The Ricci decision points to ongoing controversies about race.
Jul 13, 2009, Vol. 14, No. 40 • By TERRY EASTLAND
Last Monday, on the final day of its 2008-09 term, the Supreme Court decided its most controversial recent case, Ricci v. DeStefano. This concerned the now-famous claim by a group of firefighters--17 white and one Hispanic--that New Haven unlawfully discriminated against them on the basis of race.
A majority of five justices, with Justice Anthony Kennedy writing, held for the firefighters, reversing a panel for the U.S. Court of Appeals for the Second Circuit that included Judge Sonia Sotomayor, President Obama's nominee to succeed Justice David Souter. The four dissenting justices, meanwhile, made plain their belief that the Ricci decision will be undone in short order. Justice Ruth Bader Ginsburg wrote, joined by Justices John Paul Stevens, Stephen Breyer, and Souter, "The Court's order and opinion, I anticipate, will not have staying power."
Ricci could suffer that fate. The firefighters' complaint alleged violations of both the Constitution (the Fourteenth Amendment's equal protection clause) and Title VII of the Civil Rights Act of 1964. The Court found it unnecessary to address constitutional questions since it disposed of the case under Title VII. That means the Ricci decision is a purely statutory case, and a Congress that is overwhelmingly Democratic could try to pass a law overruling it. Hill Democrats are already working on a bill.
Thus, while the case has been decided, the battle is not over. At stake in any legislative battle is the vitality of the principle of nondiscrimination.
In 2003, New Haven firefighters took written and oral exams to qualify for promotion to lieutenant and captain. Under the city charter, the results, once certified, would determine which candidates would be promoted for seven captain positions and eight lieutenant jobs.
As it happened, the candidates who did the best were mostly white: 64 percent of white candidates passed the captain exam as did 37.5 percent of the black and Hispanic candidates. On the lieutenant exam, the pass rates were 58.1 percent for whites, 31.6 percent for blacks, and 20 percent for Hispanics. None of the black candidates performed well enough to be considered for the 15 positions then open.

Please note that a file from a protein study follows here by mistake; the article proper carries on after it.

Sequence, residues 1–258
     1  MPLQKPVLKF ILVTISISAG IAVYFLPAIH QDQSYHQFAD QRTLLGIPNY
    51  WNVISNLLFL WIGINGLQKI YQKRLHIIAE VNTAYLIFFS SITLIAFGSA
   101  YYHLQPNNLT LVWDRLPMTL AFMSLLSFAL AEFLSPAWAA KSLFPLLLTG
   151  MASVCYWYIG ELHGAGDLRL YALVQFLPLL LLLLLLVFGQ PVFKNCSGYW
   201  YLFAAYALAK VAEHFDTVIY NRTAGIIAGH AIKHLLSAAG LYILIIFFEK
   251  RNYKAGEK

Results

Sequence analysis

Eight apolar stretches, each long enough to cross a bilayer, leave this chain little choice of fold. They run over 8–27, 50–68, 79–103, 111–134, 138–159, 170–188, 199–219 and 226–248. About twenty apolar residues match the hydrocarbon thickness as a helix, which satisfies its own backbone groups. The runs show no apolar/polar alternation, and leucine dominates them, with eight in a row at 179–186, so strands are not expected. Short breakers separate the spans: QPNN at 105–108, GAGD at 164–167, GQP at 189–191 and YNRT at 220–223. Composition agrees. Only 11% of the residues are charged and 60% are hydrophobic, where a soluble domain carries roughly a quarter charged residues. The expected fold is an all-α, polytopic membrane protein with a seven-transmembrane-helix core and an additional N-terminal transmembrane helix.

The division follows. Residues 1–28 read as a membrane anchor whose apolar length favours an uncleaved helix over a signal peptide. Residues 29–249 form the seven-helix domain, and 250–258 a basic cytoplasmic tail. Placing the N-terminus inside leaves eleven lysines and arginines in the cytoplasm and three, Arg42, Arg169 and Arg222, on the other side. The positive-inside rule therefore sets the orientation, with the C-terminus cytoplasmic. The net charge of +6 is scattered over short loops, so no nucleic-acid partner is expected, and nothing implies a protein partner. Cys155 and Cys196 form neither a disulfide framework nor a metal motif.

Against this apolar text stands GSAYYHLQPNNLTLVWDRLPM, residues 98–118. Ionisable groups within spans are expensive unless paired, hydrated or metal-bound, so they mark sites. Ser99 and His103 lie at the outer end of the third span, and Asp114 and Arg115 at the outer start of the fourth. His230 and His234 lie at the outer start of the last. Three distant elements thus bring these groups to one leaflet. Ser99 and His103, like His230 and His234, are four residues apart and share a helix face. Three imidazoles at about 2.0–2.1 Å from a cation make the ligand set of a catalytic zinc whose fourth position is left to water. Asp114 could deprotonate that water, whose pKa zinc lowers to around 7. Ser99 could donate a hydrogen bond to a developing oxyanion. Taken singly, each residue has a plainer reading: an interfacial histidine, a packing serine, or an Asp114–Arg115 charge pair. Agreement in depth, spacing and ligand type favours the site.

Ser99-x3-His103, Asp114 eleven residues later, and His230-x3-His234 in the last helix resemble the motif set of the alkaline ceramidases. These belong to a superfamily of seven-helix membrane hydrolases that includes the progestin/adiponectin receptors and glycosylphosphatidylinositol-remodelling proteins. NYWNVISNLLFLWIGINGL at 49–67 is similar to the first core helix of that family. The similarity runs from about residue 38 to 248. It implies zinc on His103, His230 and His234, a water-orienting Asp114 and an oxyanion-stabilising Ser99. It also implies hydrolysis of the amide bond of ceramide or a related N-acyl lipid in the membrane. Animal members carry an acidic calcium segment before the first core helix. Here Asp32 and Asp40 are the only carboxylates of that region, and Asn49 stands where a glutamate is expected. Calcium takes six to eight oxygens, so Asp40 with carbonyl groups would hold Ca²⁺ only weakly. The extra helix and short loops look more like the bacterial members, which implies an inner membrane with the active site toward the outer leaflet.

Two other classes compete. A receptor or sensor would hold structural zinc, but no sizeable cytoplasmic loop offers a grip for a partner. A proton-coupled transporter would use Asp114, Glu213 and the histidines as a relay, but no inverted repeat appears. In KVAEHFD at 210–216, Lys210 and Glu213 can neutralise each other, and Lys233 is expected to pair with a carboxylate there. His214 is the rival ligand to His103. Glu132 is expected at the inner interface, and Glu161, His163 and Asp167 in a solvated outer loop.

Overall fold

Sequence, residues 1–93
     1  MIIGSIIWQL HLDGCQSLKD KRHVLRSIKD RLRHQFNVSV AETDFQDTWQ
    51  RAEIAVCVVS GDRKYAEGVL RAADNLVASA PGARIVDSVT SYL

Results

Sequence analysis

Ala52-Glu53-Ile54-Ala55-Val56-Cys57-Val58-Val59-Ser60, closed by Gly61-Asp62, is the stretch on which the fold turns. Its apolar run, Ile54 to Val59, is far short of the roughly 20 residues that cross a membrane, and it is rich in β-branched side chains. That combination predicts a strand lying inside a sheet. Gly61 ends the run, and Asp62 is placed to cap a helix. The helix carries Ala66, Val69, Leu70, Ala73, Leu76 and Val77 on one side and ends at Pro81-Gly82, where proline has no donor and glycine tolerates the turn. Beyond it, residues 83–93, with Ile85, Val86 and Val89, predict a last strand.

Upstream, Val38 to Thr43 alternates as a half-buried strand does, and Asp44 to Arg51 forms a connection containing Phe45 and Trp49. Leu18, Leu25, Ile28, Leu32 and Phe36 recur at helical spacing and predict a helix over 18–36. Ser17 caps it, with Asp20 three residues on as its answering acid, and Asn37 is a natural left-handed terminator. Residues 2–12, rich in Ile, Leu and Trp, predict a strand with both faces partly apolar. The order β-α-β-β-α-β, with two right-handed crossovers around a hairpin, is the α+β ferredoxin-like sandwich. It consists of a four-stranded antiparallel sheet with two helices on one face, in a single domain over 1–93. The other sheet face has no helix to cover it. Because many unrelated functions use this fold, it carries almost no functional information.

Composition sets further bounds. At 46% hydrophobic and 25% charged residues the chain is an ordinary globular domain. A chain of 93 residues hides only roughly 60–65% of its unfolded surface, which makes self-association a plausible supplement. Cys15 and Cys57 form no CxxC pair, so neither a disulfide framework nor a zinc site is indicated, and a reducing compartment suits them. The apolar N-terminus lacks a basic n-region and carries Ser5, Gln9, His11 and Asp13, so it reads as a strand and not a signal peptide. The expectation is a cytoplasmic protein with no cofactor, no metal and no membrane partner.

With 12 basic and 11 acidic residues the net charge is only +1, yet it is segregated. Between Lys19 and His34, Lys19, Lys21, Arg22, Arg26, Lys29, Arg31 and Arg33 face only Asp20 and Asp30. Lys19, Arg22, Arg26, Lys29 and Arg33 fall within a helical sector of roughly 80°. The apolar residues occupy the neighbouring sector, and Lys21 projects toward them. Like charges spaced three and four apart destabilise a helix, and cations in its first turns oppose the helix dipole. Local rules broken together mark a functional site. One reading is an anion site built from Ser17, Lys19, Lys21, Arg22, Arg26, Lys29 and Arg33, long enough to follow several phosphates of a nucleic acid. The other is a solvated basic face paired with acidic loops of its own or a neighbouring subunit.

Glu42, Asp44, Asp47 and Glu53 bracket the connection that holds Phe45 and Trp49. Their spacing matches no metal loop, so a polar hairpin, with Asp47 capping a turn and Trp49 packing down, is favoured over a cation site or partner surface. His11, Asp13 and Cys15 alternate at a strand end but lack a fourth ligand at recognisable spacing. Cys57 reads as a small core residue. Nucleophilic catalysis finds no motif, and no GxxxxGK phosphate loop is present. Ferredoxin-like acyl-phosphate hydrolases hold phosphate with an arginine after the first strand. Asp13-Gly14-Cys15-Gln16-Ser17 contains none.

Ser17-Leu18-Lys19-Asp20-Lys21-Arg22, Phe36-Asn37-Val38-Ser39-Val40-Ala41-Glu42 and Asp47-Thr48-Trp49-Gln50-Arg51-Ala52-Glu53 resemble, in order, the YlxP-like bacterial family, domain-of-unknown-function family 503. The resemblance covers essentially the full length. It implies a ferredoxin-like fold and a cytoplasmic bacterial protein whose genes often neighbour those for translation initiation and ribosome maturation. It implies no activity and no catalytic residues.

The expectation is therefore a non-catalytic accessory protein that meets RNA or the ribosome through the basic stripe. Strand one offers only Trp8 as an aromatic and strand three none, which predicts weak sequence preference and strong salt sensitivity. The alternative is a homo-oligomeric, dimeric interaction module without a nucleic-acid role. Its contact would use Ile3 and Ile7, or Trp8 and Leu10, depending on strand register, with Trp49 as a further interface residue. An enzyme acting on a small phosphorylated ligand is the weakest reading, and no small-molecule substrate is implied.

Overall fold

A public debate ensued, with some firefighters saying the tests should be thrown out because the results indicated they were discriminatory against minorities; they threatened a lawsuit should the city use the results to make promotions. Other firefighters defended the exams as neutral and fair and said they would sue if the city rejected the results.
The city chose not to certify the results and to promote no one. Whereupon Frank Ricci and 17 like-minded firefighters sued the city. They lost on summary judgment in the district court and then in the Second Circuit, which simply adopted the lower court's opinion. Sotomayor was one of the three Second Circuit judges on the panel that reviewed Ricci, and her work in the case has drawn criticism and indeed a thorough rebuke of sorts: Though the Supreme Court was sharply divided in deciding Ricci, not a single justice agreed with her and her two colleagues' summary judgment for New Haven. The four dissenters led by Ginsburg all believed there were issues to be tried.
Title VII prohibits employment discrimination on the basis of race, color, religion, sex, and national origin. One of its provisions forbids intentional discrimination, often called "disparate treatment," meaning less favorable treatment of someone on account of that person's race.
Another provision, enacted in 1991 though drawing on older decisions, prohibits employment policies or practices that have a racially disparate impact unless they are "job-related . . . and consistent with business necessity" or the employer is presented with and adopzts alternative policies or practices that are also job-related but have less disparate impact.
The Ricci plaintiffs said that in throwing out the test results New Haven violated the disparate treatment provision. The city countered by saying it lacked a discriminatory motive. Kennedy refused to let the city off the hook, writing that in choosing not to certify the test results the city had made "express, race-based" decisions, which are in themselves discriminatory. As even the district court noted in a passage of its opinion cited by Kennedy, the city rejected the test results because "too many whites and not enough minorities would be promoted were the lists to be certified." Kennedy concluded that what the city did "would violate the disparate-treatment prohibition"--unless there were "some valid defense."